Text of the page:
Purdue said to be offering up to $12bn to settle opioid lawsuits
Purdue Pharma is preparing to make a $10 to $12 billion offer to settle more than 2,000 lawsuits in the US that accuse it of contributing to the opioid crisis, says an NBC report.
The manufacturer of OxyContin (oxycodone) – along with members of the Sackler family that have a controlling stake in the firm – proffered the deal at a meeting with state attorneys general last week, according to the broadcaster, which cites two people close to the matter.
A decision on the offer could be made this week, ahead of a meeting on Friday, says the report. The proposal comes as Purdue Pharma is already considering bankruptcy, and is thought likely to be accepted as an alternative to try to tease cash out of the business once it goes into liquidation.
The offer would reportedly see Purdue trigger the Chapter 11 bankruptcy process and then reform as a “for-profit public benefit trust”, with the Sackler family – which has also been named in some of the lawsuits – relinquishing its stake in the company.
The settlement amount isn’t a cash deal, notes NBC. Part of it would comprise more than $4 billion in drugs – including products used to reverse opioid overdoses – that would be supplied to state healthcare systems.
Another sizeable chunk would come from profits from the sale of drugs over the coming years, which would be distributed between the states and would take the value of the deal up to $7 to $8 billion. That includes Purdue’s nalmefene injection, an overdose treatment that has been fast-tracked by the FDA.
The Sackler family would provide at least $3 billion, which would come from the sale of Mundipharma, another pharma company they own which is described as a “network of independent associated companies.”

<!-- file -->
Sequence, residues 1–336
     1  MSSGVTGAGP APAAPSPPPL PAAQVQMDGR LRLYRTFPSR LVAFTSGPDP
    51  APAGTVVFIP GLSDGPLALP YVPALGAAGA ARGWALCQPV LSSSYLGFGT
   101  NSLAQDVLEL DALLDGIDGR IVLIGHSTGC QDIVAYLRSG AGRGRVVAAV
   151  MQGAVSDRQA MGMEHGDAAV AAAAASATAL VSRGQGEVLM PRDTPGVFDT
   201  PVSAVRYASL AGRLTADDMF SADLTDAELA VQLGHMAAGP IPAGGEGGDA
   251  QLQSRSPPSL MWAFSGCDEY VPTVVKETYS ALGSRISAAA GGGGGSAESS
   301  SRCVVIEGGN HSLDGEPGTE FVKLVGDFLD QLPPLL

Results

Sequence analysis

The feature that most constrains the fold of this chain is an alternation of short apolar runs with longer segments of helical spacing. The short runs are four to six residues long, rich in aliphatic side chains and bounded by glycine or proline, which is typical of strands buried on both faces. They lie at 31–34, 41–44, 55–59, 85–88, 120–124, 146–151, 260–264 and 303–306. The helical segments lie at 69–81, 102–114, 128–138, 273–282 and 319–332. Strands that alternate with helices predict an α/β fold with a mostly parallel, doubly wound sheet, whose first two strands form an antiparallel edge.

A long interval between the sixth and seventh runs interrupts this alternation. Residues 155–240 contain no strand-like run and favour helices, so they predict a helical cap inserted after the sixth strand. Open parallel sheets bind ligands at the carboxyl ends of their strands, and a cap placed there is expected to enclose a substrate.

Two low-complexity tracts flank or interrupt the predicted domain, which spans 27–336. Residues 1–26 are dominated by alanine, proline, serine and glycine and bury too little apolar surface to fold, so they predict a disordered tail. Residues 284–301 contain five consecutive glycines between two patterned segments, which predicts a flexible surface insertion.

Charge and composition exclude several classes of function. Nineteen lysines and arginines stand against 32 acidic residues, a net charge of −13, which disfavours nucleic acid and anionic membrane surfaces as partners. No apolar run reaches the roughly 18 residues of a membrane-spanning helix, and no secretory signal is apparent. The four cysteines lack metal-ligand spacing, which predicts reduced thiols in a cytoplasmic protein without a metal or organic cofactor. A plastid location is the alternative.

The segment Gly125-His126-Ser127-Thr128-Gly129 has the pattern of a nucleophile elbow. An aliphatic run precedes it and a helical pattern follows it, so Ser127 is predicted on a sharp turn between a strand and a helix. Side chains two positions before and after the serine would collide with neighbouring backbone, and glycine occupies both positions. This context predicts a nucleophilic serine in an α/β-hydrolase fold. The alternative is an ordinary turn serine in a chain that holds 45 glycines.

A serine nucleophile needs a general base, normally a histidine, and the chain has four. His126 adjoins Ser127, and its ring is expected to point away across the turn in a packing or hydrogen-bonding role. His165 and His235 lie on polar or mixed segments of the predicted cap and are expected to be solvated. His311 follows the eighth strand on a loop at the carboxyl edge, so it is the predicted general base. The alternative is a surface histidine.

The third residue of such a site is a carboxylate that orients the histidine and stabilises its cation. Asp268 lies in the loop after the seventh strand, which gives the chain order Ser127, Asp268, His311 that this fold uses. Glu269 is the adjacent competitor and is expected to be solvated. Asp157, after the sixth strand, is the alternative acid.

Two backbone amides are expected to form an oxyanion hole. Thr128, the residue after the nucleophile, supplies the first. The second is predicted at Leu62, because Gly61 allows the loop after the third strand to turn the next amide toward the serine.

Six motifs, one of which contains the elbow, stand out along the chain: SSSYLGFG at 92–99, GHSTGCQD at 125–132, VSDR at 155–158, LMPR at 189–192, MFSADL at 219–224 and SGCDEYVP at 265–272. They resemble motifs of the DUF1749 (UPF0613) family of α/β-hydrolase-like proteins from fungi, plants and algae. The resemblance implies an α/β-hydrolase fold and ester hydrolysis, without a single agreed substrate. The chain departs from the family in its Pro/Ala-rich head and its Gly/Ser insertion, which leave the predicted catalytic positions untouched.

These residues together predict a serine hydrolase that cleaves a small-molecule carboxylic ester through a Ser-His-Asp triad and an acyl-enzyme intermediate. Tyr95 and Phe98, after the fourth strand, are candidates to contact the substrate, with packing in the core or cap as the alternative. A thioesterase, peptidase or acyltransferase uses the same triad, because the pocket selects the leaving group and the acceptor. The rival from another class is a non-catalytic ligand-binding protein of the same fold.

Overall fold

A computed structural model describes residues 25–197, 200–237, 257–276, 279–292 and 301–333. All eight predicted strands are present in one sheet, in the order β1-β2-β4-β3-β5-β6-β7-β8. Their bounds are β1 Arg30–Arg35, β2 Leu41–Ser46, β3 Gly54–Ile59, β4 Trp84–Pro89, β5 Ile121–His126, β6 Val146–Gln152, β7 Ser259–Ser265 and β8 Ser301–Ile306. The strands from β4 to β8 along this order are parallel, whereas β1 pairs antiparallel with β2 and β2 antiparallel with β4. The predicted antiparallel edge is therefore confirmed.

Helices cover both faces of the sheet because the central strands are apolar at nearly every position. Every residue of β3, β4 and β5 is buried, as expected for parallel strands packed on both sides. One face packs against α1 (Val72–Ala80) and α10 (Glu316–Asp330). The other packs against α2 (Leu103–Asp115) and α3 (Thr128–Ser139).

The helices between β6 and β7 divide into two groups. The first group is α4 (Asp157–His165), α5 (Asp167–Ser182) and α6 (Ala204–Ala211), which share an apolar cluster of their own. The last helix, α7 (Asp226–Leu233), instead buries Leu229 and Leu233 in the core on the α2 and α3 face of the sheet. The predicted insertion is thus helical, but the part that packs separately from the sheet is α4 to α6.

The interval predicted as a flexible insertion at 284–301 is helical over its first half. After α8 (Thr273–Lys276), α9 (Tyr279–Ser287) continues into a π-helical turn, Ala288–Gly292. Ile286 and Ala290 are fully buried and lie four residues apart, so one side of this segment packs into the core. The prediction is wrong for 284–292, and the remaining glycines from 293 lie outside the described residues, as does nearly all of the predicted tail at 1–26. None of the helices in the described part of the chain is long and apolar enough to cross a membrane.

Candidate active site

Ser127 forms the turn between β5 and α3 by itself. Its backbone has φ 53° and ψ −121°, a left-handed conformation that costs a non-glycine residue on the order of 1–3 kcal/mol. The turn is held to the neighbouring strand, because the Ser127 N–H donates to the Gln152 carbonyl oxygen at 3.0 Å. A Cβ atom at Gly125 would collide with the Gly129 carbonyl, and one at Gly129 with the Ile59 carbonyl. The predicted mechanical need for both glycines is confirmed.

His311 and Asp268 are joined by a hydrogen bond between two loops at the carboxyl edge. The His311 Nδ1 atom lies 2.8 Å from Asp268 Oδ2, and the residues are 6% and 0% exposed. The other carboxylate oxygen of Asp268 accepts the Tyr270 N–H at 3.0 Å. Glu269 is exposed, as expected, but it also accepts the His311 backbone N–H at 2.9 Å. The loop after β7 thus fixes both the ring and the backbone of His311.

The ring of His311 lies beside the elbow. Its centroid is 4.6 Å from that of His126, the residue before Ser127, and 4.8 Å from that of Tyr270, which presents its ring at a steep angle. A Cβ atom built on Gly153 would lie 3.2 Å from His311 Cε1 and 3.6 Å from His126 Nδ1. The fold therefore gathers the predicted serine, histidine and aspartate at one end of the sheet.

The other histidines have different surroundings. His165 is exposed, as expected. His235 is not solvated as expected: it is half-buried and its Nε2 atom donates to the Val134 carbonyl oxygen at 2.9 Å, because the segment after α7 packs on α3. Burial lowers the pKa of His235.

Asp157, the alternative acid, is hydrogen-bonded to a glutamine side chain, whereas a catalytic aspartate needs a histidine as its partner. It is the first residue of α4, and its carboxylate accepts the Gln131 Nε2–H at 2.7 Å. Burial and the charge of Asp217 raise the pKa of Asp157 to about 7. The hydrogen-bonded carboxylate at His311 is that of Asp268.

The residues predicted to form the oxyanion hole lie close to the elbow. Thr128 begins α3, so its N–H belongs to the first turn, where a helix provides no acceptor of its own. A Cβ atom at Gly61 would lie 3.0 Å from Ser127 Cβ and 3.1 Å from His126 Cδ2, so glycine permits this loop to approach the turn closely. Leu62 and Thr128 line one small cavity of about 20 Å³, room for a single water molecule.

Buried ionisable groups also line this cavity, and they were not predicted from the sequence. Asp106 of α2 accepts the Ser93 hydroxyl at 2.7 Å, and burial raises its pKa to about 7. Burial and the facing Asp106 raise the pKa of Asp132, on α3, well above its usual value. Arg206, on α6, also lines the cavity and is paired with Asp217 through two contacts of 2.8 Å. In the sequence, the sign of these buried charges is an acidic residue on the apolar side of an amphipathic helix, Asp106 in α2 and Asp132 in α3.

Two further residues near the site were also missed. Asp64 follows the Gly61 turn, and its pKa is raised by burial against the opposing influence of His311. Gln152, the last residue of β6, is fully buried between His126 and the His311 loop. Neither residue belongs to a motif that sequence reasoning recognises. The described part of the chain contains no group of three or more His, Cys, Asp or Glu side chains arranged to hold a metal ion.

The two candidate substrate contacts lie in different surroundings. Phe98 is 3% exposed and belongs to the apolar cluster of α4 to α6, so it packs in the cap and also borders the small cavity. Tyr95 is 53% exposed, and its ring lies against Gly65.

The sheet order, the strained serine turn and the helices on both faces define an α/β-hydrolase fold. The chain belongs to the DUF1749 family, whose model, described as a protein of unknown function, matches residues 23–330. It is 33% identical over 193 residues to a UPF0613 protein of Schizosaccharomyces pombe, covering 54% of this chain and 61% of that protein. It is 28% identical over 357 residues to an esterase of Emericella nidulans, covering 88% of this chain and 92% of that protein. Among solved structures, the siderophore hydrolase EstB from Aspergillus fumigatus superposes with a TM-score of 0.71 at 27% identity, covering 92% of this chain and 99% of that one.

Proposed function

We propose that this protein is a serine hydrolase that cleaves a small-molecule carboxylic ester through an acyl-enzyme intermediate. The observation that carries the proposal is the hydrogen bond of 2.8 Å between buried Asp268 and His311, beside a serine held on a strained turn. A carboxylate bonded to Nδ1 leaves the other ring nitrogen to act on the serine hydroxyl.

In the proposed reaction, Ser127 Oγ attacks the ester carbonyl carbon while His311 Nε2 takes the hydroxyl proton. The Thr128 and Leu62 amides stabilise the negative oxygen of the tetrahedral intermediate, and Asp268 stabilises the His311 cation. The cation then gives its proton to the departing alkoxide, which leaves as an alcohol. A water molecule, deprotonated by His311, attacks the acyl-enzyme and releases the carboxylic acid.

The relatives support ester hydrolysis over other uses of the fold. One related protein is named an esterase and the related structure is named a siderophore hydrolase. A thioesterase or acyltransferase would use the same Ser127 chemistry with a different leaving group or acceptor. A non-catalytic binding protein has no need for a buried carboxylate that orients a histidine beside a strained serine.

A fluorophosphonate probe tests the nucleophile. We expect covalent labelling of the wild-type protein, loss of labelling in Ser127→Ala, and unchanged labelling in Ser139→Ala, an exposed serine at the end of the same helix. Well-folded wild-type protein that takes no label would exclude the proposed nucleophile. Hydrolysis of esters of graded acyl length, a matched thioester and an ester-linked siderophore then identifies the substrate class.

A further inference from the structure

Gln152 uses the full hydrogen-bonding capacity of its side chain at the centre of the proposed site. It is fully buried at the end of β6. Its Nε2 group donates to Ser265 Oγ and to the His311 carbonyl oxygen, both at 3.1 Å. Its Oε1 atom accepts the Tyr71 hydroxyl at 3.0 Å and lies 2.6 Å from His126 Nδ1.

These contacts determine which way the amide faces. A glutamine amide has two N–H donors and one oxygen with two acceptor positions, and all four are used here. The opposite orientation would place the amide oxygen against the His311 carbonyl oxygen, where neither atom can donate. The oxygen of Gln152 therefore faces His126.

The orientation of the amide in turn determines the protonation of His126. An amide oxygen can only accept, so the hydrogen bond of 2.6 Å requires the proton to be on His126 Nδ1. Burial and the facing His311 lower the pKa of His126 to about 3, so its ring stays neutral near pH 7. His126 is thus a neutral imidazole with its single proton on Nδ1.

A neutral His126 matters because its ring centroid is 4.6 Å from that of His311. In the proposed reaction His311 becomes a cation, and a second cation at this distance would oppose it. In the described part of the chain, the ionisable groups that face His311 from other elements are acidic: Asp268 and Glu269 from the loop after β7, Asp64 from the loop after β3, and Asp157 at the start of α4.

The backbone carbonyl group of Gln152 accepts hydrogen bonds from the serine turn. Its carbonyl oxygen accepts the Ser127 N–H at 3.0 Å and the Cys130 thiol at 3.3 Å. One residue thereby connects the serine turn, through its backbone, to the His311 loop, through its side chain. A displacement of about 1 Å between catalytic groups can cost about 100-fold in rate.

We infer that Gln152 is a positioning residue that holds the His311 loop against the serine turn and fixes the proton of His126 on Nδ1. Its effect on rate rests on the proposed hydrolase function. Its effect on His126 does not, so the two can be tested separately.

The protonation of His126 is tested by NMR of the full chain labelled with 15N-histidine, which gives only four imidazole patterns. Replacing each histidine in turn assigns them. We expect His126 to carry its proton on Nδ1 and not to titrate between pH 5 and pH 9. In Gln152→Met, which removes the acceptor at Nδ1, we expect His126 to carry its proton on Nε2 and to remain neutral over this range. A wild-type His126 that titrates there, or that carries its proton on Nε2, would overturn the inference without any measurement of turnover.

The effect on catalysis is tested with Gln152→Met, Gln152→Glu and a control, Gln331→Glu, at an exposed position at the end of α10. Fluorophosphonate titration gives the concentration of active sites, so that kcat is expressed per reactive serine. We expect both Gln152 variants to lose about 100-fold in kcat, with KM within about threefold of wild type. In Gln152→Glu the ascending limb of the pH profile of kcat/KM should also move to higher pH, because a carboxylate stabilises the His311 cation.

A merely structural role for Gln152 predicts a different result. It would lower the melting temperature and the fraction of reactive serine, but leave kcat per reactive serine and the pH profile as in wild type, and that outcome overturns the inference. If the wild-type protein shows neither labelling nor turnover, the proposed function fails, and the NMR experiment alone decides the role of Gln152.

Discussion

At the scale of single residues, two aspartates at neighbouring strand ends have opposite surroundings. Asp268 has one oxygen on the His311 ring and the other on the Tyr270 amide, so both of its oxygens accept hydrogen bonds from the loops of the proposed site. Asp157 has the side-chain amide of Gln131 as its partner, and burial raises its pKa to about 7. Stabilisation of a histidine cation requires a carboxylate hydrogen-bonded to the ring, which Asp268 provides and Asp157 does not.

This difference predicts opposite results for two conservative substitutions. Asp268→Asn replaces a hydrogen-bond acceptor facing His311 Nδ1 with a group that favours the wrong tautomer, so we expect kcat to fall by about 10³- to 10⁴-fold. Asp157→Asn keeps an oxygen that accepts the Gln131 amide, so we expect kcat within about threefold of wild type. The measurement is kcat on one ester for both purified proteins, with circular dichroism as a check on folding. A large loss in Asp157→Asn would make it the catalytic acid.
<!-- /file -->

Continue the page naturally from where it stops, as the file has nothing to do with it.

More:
The Sackler contribution could go up by another $1.5 billion if they get more than $3 billion from the sale of Mundipharma.
In a statement, Purdue said that while it is “prepared to defend itself vigorously in the opioid litigation, the company has made clear that it sees little good coming from years of wasteful litigation and appeals.”
It went on: “The people and communities affected by the opioid crisis need help now. Purdue believes a constructive global resolution is the best path forward, and the company is actively working with the state attorneys general and other plaintiffs to achieve this outcome.”
Purdue is just one of more than 20 companies named in lawsuits seeking redress for activities that are claimed to have fuelled the epidemic of opioid abuse in the US, which according to the Centers for Disease Control and Prevention has claimed around 400,000 lives over an 18-year period.
The reports of the offer came shortly after Johnson & Johnson was hit by a £572 million judgment in just one state – Oklahoma – despite its protestations that it provided less than 1% of total opioid prescriptions there.
Oklahoma is the first state prosecution associated with the opioid crisis to go to trial, with J&J the remaining defendant after Purdue and Teva both settled out of court.
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